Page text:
There was even a study conducted where researchers looked at healthy people as well as those with atopic dermatitis – a disease that is often associated with imbalances in gut bacteria. The researchers had the participants watch funny movies daily for one week. In only one week, the patient’s gut flora had changed and resembled the healthy participants.

The gut-brain connection acts in a loop: the brain affects the gut and the gut affects the brain. When you improve one the other will naturally improve too.

Play in The Dirt!

Mudpies, anyone? Maybe our little ones are on to something here.

As adults, gardening is a good way for us to “play” in the dirt. Not only will it get you outside, give you exercise, vitamin D exposure from sunlight, and fresh air, but putting your bare hands into the soil introduces your body to the microorganisms that are found on the plants and in the ground

We have to stop viewing all bacteria as the enemy! Our obsession with over sterilization and anti-bacterial everything can actually be quite detrimental. The result of our aversion to “bacteria” is that many types of bad bacteria are getting stronger while the good bacteria are dying.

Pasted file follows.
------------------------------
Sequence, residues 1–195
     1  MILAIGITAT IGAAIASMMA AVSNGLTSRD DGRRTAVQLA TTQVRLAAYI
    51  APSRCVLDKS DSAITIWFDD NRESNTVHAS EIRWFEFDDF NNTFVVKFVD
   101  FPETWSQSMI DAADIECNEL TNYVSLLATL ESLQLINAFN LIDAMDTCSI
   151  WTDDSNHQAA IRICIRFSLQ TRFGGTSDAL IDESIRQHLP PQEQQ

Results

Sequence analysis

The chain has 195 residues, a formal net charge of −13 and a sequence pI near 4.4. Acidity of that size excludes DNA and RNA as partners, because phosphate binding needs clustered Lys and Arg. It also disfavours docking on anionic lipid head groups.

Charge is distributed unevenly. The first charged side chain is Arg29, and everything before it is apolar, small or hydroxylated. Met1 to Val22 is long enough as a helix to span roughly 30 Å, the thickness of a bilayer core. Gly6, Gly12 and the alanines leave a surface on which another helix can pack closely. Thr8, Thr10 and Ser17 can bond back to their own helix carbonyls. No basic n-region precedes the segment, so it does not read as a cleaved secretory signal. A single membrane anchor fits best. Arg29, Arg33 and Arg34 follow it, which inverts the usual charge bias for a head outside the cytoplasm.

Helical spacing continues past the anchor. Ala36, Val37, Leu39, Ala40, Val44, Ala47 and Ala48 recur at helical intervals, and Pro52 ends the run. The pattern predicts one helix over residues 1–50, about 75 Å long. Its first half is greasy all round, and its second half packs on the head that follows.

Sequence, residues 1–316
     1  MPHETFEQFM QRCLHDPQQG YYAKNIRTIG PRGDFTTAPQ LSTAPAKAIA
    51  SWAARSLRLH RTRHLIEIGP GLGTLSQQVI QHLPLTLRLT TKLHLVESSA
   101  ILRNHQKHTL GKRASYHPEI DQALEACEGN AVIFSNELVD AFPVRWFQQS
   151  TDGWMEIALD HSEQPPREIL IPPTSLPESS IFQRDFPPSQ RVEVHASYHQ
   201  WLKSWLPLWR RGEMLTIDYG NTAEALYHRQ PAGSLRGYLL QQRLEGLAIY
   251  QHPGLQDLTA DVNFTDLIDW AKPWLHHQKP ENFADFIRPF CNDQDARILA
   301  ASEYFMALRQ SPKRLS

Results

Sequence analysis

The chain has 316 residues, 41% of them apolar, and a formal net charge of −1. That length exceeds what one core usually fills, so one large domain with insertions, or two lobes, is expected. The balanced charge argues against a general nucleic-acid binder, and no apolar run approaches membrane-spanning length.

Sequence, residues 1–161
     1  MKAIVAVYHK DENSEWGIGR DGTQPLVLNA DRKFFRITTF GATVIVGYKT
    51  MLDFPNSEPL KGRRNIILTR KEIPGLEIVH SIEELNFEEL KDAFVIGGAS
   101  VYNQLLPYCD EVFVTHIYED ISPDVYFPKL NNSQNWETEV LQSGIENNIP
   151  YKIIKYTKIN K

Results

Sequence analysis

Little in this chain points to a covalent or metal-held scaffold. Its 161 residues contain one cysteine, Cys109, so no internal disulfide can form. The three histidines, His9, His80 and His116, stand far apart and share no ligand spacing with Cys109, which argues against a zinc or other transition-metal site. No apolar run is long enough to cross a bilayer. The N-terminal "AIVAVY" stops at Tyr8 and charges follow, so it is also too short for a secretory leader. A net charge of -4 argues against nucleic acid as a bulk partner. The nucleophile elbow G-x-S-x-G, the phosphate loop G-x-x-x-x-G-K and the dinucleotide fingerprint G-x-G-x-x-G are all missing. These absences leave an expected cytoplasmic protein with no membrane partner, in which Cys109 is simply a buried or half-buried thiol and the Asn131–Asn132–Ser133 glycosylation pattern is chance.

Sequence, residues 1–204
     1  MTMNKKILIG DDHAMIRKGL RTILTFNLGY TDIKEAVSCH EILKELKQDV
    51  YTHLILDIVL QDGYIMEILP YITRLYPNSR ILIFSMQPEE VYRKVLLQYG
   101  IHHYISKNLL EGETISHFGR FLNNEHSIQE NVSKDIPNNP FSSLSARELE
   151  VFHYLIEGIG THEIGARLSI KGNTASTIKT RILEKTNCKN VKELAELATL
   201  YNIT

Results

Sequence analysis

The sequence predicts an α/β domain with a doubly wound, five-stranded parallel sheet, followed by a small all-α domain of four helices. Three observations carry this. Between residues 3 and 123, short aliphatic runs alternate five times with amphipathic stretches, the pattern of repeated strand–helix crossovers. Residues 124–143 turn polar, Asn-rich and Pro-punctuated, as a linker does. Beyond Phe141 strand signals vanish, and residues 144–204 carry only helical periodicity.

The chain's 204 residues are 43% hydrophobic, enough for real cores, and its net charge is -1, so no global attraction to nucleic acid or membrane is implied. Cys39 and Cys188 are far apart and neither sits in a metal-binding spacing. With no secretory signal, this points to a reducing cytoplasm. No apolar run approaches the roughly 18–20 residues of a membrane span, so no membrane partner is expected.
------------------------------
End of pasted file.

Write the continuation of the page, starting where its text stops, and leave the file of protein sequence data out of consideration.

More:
play in the dirt to restore gut health

Studies have shown that kids who grow up with a dog have both a lower risk of allergies and a healthier immune system.

Dogs are associated with a type of house dust that actually exposes us to important strains of bacteria (L. johnsonii is one) which is essential within the digestive tract.